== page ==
The Thruster

The thruster is a compound movement that combines the front squat with the push press. While the mechanics of both of these movements apply to the thruster, there are two faults unique to this movement that you wouldn’t otherwise see in the front squat or push press alone.

These faults are: pressing the bar while still in a partial squat and descending into a squat before the bar reaches the front rack position.

Premature Press

The premature press happens when the athlete begins pressing the bar off of the shoulders before they fully stand up out of the squat. Similar to the push press fault of pressing too early, this fault results in a loss of power.

The middle frame in the picture above shows the bar off the shoulders with the hips and knees still flexed. The ideal position would be for the hips and knees to be extended with the bar still on the shoulders. The press then follows after reaching full leg extension.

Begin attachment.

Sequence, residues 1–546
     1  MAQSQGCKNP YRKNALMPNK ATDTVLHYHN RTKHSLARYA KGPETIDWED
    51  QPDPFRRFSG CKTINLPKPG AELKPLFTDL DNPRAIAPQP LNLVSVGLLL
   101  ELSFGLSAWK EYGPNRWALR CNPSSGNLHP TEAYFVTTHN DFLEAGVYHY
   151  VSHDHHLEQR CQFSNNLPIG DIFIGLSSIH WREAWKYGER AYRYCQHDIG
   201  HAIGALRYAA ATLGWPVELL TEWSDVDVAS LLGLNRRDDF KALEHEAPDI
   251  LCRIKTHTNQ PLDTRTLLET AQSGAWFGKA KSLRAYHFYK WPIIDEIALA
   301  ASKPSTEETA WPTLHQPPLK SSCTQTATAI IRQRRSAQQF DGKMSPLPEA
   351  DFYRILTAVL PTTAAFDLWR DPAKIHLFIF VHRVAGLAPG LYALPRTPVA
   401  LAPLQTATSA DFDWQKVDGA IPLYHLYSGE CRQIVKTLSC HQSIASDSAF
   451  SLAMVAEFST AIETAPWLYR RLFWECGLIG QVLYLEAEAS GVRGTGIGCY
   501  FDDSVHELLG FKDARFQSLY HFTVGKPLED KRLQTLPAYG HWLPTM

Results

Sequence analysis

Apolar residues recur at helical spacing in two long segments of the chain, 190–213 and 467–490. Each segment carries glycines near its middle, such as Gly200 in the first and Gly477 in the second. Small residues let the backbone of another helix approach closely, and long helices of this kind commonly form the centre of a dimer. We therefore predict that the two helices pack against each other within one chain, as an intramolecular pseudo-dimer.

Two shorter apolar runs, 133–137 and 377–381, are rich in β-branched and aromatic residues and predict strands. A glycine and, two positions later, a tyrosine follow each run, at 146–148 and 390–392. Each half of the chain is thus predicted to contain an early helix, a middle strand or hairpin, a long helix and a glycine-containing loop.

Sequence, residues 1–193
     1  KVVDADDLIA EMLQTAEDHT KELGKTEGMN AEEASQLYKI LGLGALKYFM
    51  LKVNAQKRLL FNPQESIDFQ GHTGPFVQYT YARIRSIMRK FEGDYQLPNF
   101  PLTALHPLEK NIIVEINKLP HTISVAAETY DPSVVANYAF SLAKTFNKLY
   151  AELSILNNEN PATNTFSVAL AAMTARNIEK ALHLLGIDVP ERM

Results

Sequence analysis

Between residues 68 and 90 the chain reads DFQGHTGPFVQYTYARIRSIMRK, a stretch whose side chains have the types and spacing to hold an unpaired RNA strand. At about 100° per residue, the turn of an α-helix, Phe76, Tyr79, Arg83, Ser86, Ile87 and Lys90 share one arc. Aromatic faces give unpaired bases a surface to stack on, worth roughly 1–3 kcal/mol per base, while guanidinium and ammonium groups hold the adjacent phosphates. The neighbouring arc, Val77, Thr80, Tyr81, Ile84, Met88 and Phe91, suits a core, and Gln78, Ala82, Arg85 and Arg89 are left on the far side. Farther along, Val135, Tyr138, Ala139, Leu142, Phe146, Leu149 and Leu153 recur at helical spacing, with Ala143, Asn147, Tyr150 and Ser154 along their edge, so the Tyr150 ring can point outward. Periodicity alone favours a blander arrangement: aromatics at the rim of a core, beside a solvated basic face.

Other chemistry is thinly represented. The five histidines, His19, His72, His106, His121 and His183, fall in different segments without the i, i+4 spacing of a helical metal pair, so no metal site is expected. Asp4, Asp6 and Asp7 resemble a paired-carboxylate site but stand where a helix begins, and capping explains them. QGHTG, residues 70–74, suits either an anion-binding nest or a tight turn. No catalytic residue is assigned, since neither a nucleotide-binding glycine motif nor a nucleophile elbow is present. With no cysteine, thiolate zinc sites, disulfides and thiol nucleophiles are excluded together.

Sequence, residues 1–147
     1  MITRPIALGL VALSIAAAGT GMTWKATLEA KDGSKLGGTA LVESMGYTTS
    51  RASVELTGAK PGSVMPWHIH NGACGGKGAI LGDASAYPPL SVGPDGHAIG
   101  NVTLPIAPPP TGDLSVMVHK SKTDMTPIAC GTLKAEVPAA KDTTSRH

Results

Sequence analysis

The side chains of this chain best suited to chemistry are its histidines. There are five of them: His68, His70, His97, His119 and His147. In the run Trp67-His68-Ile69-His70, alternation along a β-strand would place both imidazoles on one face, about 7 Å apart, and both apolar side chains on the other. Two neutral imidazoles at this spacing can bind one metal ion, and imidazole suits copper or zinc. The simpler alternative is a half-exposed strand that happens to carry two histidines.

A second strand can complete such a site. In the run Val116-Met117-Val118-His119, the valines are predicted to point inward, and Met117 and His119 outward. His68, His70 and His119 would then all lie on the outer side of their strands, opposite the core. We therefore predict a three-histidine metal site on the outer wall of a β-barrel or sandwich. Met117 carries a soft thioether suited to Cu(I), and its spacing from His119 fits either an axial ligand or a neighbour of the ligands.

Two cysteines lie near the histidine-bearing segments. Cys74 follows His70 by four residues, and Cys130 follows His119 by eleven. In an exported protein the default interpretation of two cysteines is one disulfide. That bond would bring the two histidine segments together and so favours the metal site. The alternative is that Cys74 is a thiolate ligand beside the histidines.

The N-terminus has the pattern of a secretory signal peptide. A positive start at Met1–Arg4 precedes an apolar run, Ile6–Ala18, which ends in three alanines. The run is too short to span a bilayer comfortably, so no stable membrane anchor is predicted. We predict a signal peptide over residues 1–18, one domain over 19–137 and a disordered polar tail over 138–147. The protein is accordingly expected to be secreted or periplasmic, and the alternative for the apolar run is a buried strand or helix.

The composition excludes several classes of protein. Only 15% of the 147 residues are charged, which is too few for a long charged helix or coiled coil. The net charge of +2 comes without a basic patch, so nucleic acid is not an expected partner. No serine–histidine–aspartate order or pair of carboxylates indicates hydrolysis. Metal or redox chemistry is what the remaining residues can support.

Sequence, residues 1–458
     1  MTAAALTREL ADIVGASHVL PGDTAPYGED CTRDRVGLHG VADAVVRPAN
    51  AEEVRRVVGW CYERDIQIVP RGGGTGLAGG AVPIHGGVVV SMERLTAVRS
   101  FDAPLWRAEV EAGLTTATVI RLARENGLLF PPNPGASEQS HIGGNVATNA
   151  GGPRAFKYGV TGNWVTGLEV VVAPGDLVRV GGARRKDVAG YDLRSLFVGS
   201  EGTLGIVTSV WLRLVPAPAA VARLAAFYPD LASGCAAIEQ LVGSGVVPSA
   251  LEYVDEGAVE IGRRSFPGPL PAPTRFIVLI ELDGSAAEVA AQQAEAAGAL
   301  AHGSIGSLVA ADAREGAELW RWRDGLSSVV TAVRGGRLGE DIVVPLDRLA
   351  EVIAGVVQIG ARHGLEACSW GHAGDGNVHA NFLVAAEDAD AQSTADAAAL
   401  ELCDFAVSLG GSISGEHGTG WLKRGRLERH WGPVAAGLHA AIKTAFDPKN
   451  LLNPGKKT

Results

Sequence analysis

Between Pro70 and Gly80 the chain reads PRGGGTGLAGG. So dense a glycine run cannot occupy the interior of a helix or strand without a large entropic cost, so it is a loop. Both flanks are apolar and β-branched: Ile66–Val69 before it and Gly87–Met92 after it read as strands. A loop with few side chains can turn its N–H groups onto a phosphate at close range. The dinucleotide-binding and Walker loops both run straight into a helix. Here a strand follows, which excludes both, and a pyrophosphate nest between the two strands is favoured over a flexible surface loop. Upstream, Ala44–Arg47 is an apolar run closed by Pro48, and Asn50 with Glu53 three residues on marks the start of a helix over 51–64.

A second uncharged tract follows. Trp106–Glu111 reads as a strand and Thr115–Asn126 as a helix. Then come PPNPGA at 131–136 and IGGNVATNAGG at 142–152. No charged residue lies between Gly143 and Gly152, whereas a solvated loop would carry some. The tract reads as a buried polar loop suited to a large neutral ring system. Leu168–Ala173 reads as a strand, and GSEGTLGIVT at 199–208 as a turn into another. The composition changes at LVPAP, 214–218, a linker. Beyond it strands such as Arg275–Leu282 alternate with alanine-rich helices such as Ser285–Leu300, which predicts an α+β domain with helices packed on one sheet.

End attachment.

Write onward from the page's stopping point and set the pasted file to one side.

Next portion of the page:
The simple solution to solving this problem is to slow the thruster down. First complete the front squat. Then complete a strict press. As you start to go faster, your strict press will turn into a push press as power will be coming from the legs in the squat.

Ideally, you should be able to thruster what you can push press. This isn’t always true, but the numbers should be close.

Premature Squat

The premature squat is found in frames two and three above. After successfully completing one rep of the thruster, the bar should return to the shoulders before initiating the squat again. You can see in the frames above that the athlete’s hips and knees are flexed before the bar is back on the shoulders.

The result of this fault is generally a loss in control. When I coach athletes in-person and see this fault, I usually see the bar crashing down hard on the athlete. This causes a loss in lumbar integrity, weight shifted from the heels on to the toes, and a low front rack position.

Avoid this fault by slowing the movement down slightly. Allow the bar to make contact with the shoulders before initiating the front squat.

Takeaway

You will learn quickly that thrusters are potent movements that will take your breath away. They are especially difficult with light weights in a metcon.

For that reason, they are my favorite. I hope they become yours, too.

Tyler

WOD

For Time:
200 Double-Unders
25 Thrusters
30 Pull-Ups
25 Thrusters
200 Double-Unders

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